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Matrix Converter Used For UPS Application

Critical loads such as data storage and computer systems, life support
equipment, process equipment controllers, telecommunications equipment and
emergency systems require continuous operation when there is a power failure.
Associated problems such as poor overall power factor, heating effects, device
malfunction and destruction of other equipment caused by nonlinear loads have
been recorded. This trend reflects in the increase use of uninterruptible power
supply (UPS) to provide uninterrupted and reliable power supply with the
provision of unity supply power factor. UPS systems have progressed from rotary
to hybrid and static type. Rotating type uses motor-generator sets that are often
used in high sinusoidal output applications. Hybrid type combines the use of
motor-generator sets and static type. In this system the static UPS are used to
bridge the gap between the loss of the primary source and availability of a
secondary source such as a manually started diesel generator.
Generally static UPS system are as shown in Fig.1 comprising three basic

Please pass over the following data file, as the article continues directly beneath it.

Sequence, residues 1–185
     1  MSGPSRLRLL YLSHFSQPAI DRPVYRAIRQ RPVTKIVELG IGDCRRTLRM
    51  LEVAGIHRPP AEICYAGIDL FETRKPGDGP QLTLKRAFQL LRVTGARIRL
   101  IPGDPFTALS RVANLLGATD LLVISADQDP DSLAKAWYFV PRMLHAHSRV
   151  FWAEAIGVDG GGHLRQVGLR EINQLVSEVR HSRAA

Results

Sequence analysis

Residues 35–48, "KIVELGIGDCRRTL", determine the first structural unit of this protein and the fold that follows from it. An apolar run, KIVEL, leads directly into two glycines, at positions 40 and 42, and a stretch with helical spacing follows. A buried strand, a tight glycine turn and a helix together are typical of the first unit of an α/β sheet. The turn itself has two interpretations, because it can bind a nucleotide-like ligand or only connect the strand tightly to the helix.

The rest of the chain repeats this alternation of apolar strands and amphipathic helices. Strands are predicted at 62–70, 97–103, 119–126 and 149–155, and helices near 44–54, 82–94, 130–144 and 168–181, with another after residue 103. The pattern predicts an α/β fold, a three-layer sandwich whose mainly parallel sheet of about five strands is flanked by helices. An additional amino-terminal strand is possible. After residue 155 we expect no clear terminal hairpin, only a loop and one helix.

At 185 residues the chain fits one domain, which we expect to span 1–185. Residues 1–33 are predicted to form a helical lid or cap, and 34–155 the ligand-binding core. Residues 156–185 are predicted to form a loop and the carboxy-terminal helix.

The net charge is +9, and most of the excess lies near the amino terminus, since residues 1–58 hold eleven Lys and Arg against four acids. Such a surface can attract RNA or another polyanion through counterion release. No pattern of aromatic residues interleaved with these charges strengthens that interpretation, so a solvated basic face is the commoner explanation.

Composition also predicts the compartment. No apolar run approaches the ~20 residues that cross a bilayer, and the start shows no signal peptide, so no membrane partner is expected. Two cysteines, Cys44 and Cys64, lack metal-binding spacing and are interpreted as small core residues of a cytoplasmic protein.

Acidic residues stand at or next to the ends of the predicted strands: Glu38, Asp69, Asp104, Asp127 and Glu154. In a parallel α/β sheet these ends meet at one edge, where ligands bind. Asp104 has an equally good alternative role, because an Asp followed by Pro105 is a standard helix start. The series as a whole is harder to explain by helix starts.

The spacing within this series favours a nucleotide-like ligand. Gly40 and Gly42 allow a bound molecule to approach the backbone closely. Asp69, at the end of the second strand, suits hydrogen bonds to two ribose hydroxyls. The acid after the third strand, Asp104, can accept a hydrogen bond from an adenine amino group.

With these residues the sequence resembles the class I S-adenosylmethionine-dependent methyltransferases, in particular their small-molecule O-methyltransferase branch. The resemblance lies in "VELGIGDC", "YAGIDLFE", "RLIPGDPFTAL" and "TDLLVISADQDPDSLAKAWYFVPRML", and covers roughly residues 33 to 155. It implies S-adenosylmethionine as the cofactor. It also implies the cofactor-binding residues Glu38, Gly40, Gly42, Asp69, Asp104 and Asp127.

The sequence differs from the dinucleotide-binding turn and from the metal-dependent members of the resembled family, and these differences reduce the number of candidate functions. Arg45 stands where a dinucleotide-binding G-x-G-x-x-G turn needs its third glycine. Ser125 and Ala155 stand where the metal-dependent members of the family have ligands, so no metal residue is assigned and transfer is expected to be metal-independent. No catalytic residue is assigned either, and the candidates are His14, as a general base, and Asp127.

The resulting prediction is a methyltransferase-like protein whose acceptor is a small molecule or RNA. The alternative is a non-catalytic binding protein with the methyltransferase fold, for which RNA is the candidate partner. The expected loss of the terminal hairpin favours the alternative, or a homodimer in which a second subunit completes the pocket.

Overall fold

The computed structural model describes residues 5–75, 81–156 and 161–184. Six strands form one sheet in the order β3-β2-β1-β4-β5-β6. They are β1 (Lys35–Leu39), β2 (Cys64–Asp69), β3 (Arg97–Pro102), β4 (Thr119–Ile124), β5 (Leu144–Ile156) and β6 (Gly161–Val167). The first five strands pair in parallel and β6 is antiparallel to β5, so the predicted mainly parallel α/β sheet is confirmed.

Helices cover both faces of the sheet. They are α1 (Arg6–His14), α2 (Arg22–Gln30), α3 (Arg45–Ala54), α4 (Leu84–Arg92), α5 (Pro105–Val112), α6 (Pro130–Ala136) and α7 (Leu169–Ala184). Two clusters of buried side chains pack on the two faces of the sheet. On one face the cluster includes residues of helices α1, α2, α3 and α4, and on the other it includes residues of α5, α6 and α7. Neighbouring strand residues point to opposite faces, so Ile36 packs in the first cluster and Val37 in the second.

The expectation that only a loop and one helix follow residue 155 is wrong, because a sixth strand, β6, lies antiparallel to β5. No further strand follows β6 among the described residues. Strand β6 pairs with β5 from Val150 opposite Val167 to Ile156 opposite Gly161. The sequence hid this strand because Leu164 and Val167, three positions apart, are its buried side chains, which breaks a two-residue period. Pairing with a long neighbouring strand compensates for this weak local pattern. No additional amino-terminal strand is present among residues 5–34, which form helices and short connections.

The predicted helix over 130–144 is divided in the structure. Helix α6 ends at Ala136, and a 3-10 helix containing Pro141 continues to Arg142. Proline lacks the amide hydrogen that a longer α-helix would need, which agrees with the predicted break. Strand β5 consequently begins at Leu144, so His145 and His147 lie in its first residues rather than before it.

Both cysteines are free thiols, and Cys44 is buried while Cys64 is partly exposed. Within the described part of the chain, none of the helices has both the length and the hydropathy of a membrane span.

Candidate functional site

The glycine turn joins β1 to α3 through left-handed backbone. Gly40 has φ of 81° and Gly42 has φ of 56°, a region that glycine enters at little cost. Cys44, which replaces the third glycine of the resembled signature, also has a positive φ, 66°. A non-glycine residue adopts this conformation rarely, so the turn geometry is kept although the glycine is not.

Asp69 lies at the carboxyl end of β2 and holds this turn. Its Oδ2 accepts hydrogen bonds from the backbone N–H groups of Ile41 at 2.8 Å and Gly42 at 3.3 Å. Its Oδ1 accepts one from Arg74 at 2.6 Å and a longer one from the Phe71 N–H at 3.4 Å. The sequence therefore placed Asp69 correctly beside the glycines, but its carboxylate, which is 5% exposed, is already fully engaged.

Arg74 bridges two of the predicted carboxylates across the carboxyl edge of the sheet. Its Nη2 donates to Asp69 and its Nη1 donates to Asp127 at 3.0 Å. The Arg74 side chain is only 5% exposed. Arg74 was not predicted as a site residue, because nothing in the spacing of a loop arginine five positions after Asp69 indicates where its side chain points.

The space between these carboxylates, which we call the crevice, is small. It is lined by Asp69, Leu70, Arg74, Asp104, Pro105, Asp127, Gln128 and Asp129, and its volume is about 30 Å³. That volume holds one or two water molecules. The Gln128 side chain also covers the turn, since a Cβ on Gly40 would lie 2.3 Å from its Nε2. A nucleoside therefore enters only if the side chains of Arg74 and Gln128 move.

elements; a rectifier/charger unit that converts input AC power into DC power, an
inverter unit that converts DC power of a battery to AC power and a static bypass
switch that transfers the critical load to the back-up supply and isolating from the
mains. A manual bypass switch is also normally added to cater for maintenance
or repair purposes of the UPS unit. The rectifier or charger normally uses a
bridge-diode in implementation without affording any control function. A
transformer is used to step-down voltage during rectification operation, whilst
during mains-failure the transformer performs as a step-up transformer. However
due to the presence of blocking switch operation there will be some distortions in
the voltage and current. In order to minimise this distortion we now use matix
converter instead of rectifier and inverter.

The single phase matrix converter (SPMC) requires 4 bi-directional switches


as shown in Fig. 2; each capable of conducting current in both directions,
blocking forward and reverse voltages. It requires the use of bidirectional
switches capable of blocking voltage and conducting current in both directions.
The IGBT were used due to its popularity amongst researchers that could lead to
high-power applications with reasonably fast switching frequency for fine control.
The SPMC topology has been presented to operate as an Uninterruptible Power
Supply Circuit (UPS) incorporating Unity Power Factor Control. A single circuit is
developed that performs both the rectifier and inverter operation may also
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incorporate active power filter operation. The inverter transforms a DC input into
an AC output using the well-known Sinusoidal Pulse Width Modulation (SPWM)
technique, while its offering a reverse power flow through controlled rectifier
operation.

A systematic switching sequence is required that allows for the energy